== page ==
- The Washington Times - Sunday, April 30, 2006

The investigation into the scuffle between Rep. Cynthia A. McKinney and a Capitol Police officer is moving forward, with several Hill staffers being subpoenaed as witnesses.

Aides to members of Congress from both parties last week informed House leaders they will comply with subpoenas issued for them to testify before a Washington grand jury regarding the confrontation.

Miss McKinney, Georgia Democrat, apologized under pressure for striking the officer, who stopped her as she went around metal detectors at a House office building checkpoint.

However, the investigation is active, authorities said Friday. Capitol Police requested an arrest warrant be issued for Miss McKinney, but the decision is in the hands of the U.S. Attorney’s Office.

The prospect of assault charges hangs over Miss McKinney, 51, as she faces a primary election challenge and after her attorney dropped her as a client.

She seeks re-election in November, but first must battle Hank Johnson in a July primary. Mr. Johnson, a lawyer and county commissioner, does not mention Miss McKinney or her encounter with the Capitol Police officer on his campaign Web site. He did tell the Associated Press that residents of the district are “tired of constant controversy.”

It is not Miss McKinney’s first election threat.

The six-term representative lost her seat in 2002 to fellow Democrat Denise Majette in a primary defeat attributed largely to comments she made suggesting President Bush profited from the September 11 attacks. She returned to Congress in 2004 when Mrs. Majette made a failed bid for a Senate seat.

Miss McKinney also drew attention earlier this month for calling one of her aides a “fool.”

She made the comment after a television interview and didn’t realize that her microphone was still on. She then insisted the disparaging remark was off the record. But the television station aired the footage, which was picked up by CNN.

A source in the U.S. Attorney’s Office said that once the grand jury completes its work, the office either will make a statement of its findings or will indict Miss McKinney on charges of assaulting a police officer. Such a charge carries a maximum sentence of five years.

“We’re still considering it an ongoing investigation,” the source said.

Before the incident Miss McKinney had bypassed metal detectors, as members are allowed to do, but the officer did not recognize her and tried to stop her from going by him. Miss McKinney, who had changed her well-known braided hairstyle and was not wearing the official lapel pin that most members display, has said she showed the officer her identification.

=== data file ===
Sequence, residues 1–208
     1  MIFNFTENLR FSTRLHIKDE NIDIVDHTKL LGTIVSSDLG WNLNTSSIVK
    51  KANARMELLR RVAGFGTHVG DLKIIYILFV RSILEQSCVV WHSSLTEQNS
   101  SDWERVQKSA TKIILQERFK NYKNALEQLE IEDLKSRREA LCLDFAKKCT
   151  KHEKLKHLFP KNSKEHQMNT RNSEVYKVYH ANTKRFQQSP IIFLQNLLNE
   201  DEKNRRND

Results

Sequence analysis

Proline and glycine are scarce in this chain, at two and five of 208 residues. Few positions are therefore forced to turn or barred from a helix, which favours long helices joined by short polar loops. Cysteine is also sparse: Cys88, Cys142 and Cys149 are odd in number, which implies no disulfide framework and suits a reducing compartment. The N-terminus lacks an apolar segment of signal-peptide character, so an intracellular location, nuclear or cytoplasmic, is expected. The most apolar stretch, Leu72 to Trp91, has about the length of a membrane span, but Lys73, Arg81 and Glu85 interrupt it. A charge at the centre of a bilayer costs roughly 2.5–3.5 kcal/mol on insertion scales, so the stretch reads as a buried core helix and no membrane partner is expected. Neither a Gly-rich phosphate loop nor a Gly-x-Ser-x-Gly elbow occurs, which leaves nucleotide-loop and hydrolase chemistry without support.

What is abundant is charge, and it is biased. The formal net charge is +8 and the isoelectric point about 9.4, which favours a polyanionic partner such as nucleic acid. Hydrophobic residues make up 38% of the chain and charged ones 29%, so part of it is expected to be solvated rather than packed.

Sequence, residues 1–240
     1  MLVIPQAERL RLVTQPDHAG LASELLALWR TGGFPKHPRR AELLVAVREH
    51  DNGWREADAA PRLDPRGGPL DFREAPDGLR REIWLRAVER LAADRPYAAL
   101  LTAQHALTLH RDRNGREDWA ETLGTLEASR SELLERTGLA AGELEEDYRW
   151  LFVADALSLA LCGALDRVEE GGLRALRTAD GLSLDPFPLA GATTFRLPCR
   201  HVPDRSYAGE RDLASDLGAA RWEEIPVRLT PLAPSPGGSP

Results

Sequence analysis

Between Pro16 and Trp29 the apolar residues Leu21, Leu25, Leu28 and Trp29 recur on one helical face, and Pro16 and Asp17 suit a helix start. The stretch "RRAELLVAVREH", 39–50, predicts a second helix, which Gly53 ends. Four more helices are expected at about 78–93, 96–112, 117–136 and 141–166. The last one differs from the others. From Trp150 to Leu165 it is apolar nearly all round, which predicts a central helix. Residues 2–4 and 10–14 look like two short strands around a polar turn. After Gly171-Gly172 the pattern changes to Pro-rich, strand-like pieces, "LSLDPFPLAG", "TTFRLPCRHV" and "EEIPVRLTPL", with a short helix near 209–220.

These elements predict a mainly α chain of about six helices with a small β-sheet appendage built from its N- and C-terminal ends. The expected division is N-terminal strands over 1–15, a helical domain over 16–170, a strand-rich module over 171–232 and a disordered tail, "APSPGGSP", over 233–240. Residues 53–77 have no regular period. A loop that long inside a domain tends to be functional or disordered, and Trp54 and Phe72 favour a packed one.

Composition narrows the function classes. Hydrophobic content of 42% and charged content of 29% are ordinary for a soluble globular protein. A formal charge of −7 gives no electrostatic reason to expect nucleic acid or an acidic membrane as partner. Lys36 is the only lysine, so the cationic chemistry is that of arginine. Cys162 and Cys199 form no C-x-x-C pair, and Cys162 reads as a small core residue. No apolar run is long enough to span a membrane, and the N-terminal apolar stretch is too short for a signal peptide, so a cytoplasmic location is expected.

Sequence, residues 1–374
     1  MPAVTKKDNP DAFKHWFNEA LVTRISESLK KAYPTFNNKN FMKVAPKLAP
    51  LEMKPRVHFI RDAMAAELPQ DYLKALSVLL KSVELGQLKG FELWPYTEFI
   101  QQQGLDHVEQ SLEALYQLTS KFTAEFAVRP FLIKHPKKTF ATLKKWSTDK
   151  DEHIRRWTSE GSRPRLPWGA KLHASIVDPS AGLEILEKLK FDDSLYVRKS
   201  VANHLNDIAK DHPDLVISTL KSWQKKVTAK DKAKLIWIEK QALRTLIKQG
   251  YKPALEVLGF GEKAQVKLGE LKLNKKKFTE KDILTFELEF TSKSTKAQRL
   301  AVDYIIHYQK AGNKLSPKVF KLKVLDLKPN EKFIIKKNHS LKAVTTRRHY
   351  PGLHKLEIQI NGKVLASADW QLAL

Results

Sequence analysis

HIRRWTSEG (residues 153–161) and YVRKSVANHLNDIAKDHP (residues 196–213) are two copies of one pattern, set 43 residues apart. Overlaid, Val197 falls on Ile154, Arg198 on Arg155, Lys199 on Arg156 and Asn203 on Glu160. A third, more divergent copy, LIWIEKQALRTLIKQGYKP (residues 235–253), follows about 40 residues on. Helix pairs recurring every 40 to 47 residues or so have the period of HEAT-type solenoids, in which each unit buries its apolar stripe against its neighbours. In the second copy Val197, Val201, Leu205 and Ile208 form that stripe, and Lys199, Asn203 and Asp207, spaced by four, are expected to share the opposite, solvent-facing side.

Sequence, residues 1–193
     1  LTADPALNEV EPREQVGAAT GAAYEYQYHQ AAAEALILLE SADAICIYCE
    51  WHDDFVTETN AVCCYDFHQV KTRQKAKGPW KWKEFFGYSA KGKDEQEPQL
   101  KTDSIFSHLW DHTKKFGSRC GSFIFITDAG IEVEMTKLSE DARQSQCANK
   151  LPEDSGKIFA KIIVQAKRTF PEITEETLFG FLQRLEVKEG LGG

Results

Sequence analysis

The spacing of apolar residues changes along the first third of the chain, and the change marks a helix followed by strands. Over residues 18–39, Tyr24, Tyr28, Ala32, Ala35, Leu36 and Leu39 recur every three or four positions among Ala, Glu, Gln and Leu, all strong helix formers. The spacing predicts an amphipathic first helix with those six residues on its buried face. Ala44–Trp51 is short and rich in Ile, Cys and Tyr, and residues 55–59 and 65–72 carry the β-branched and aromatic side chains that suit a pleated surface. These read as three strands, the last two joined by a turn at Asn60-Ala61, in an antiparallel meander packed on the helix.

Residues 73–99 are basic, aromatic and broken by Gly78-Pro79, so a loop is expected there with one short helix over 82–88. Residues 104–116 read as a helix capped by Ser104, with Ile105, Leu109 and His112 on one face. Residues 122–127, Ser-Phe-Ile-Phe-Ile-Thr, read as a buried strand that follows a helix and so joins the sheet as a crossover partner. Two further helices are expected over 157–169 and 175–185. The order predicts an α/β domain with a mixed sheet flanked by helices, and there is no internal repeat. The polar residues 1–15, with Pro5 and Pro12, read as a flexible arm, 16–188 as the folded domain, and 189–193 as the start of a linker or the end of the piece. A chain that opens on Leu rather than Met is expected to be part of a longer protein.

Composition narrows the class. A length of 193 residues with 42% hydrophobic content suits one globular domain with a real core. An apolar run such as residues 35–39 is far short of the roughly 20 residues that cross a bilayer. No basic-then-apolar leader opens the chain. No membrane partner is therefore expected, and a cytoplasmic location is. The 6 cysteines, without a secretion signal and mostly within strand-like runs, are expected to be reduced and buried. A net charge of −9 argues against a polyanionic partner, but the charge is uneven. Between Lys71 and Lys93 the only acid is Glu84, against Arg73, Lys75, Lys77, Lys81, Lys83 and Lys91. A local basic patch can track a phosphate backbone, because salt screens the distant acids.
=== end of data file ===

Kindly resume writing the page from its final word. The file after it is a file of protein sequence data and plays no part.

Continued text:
The Atlanta Journal-Constitution reported that the officer, identified as Paul McKenna, testified that Miss McKinney hit him with a closed fist. The officer also testified that he asked the congresswoman three times to stop, the newspaper reported.

Miss McKinney notes on her Web site that at the time of the confrontation, “No arrest is made and nothing is said about any criminal charges.”

She reports on her site that she told the acting chief of the Capitol Police about a “pattern of conduct” in officers failing to recognize her, dating back to 1993. The chief apologized to her, she said.

After she first complained about officers, Capitol Police posted her photo on an office wall so officers could remember her.

“There should not have been any physical contact in this incident,” Miss McKinney said April 6 during a terse apology on the House floor.

Terrance W. Gainer, then chief of the Capitol Police, defended the officer and said his force was responsible for the daily screening of 30,000 employees and visitors to the Capitol complex.

“If [officers] are not sure who’s walking in that door, I expect them to challenge that person. And the person who is challenged has no right to strike an officer,” said Chief Gainer, who recently retired.

Miss McKinney has said she will vote in favor of a resolution commending Capitol Police. The measure, sponsored after the incident by two Republican representatives looking to prove a point, is pending in committee.

This article is based in part on wire service reports.

Copyright © 2018 The Washington Times, LLC. Click here for reprint permission.

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